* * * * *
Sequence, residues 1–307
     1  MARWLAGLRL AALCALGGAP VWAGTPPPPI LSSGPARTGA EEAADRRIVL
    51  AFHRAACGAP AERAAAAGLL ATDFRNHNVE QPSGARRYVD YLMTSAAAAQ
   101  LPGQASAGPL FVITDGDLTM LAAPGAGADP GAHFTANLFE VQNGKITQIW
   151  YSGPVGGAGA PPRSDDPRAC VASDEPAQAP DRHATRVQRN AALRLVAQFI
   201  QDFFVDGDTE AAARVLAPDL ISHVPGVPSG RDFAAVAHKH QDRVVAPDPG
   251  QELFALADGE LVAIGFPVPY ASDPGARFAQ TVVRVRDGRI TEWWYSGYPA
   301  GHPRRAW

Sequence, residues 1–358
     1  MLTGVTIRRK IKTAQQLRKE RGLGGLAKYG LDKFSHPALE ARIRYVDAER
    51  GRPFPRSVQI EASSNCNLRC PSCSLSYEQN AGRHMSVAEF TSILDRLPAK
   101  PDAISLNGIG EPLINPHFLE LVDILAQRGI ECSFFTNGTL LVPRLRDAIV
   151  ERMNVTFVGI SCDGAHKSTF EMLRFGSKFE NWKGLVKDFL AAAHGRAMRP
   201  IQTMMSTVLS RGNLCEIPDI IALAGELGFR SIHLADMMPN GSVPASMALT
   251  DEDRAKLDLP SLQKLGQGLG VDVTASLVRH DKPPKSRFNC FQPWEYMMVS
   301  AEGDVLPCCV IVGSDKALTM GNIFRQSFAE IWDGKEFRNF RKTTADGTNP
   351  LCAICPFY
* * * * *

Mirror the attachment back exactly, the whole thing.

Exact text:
Sequence, residues 1–307
     1  MARWLAGLRL AALCALGGAP VWAGTPPPPI LSSGPARTGA EEAADRRIVL
    51  AFHRAACGAP AERAAAAGLL ATDFRNHNVE QPSGARRYVD YLMTSAAAAQ
   101  LPGQASAGPL FVITDGDLTM LAAPGAGADP GAHFTANLFE VQNGKITQIW
   151  YSGPVGGAGA PPRSDDPRAC VASDEPAQAP DRHATRVQRN AALRLVAQFI
   201  QDFFVDGDTE AAARVLAPDL ISHVPGVPSG RDFAAVAHKH QDRVVAPDPG
   251  QELFALADGE LVAIGFPVPY ASDPGARFAQ TVVRVRDGRI TEWWYSGYPA
   301  GHPRRAW

Sequence, residues 1–358
     1  MLTGVTIRRK IKTAQQLRKE RGLGGLAKYG LDKFSHPALE ARIRYVDAER
    51  GRPFPRSVQI EASSNCNLRC PSCSLSYEQN AGRHMSVAEF TSILDRLPAK
   101  PDAISLNGIG EPLINPHFLE LVDILAQRGI ECSFFTNGTL LVPRLRDAIV
   151  ERMNVTFVGI SCDGAHKSTF EMLRFGSKFE NWKGLVKDFL AAAHGRAMRP
   201  IQTMMSTVLS RGNLCEIPDI IALAGELGFR SIHLADMMPN GSVPASMALT
   251  DEDRAKLDLP SLQKLGQGLG VDVTASLVRH DKPPKSRFNC FQPWEYMMVS
   301  AEGDVLPCCV IVGSDKALTM GNIFRQSFAE IWDGKEFRNF RKTTADGTNP
   351  LCAICPFY